This year’s UK peregrinations have so far brought us to Brixham, staying in a house swap which lacks a potato peeler, ironing board, bathroom bin and, most surprising of all, wi-fi but these deficiencies are more than compensated for by the ever-changing view over the busy harbour. Before reaching here, as one does, we were researching stuff to do, and being reminded en route of the vagaries of a certain well-known search engine. Because Brixham includes the letters B,R,I and X we’d expected the usual confusion with Brixton but no – our internet searching habits caused a different message to pop up:
Did you mean Brexit?
Just goes to show what political anoraks we must be. This gave me cause for reflection on Brixham and Brexit. Now I do not know how the good citizens of Brixham voted in the referendum, though I have dark suspicions, but however they did there is no doubt that Brixham and Brexit have a lot of connections. Brixham is the port from which our gallant prawn fishermen head out to annoy the French. It is the port where William of Orange landed in 1688, an event which initially might be seen as cementing the relationship of these islands with mainland Europe but which led, if one traces a tortuous historical route, to the DUP. Incidentally, according to a harbourside pub, King Billy was offered a pint of bitter when he landed – not, as one might have expected, orange juice. Or better still, gin and orange. The most prominent building on the quayside is a restaurant called Rockfish, which I surmise is named after Rockfish Rogan, erstwhile hero of boys’ comics and scourge of the Hun. In the harbour lies a full scale replica of Sir Francis Drake’s ship Golden Hind, dwarfed by several of the trawlers, to my surprise, but still a potent reminder of what we can do to the Spaniards when they get uppity. And where did the BBC’s Panorama visit recently to illustrate the issues around a no-deal Brexit? That’s right. We went on a mackerel fishing trip the other day and caught nowt. The skipper didn’t blame the mainland Europeans for our failure, however, but a megapod of bottle-nosed dolphin who have hoovered up all the fish in Torbay for the time being. Still, once we’re out of the EU we will have the right to ban bottle-nosed dolphin from our inshore waters. Won’t we?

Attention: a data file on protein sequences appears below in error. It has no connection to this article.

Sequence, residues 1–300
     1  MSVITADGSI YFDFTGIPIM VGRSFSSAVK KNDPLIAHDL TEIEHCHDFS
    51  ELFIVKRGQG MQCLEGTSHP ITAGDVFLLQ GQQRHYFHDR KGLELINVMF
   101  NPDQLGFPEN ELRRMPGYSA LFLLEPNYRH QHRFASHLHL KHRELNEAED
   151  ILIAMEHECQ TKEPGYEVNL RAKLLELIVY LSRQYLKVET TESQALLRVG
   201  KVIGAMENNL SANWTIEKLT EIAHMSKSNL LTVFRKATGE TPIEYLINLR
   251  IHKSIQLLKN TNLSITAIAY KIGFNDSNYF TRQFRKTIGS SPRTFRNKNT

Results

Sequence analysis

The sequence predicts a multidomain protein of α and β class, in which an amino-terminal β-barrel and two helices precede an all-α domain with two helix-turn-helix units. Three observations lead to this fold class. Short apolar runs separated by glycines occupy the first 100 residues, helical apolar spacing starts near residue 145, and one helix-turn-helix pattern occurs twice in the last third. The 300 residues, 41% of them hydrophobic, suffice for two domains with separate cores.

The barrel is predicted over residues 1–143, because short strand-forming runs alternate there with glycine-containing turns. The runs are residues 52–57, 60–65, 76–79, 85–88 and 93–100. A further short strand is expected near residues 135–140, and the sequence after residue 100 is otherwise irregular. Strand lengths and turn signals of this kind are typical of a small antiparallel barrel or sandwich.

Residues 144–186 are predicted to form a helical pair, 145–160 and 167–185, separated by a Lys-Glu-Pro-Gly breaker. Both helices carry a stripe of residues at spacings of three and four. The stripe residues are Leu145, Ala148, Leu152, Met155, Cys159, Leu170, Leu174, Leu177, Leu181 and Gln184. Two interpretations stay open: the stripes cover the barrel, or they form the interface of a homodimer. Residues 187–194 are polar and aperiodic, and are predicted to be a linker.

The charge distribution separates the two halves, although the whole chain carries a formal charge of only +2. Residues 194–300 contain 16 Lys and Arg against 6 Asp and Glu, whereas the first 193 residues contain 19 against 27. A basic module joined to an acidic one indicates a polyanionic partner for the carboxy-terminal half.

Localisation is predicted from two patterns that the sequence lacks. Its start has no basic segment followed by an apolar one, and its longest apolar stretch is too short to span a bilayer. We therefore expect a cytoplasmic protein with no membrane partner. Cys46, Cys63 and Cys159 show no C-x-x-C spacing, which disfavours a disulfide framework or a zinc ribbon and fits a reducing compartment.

Brixham has thrown up a few more surprises. They really seem to like marching bands here. Oompahs rise from unseen quayside locations every evening. And we seem to have landed in the middle of some kind of Beard Festival.
Did you mean Beer Festival?
No, you heard it right. The number and variety of ridiculous forms of facial hair all gathered in one small town can’t just be normal daily life, can it? And to my regret we arrived just too late to witness the annual trawler race, which must be quite a spectacle.
Farewell to Brixham tomorrow. Farewell to Brexit might take a while longer but at least our travels are taking us in the right direction, up eventually to remain-voting Scotland. And while the cavortings and lies of our two would-be prime ministers and the boorish behaviour of Brexit Party MEPs is just par for the course, I did feel vindicated at my decision – based on little more than a toss of a coin – to vote Green rather than Lib Dem in the EU elections when the Lib Dem contingent turned up at the European Parliament wearing the infantile slogan “Bollocks to Brexit” on their yellow T-shirts.
Did you mean pollacks to Brixham?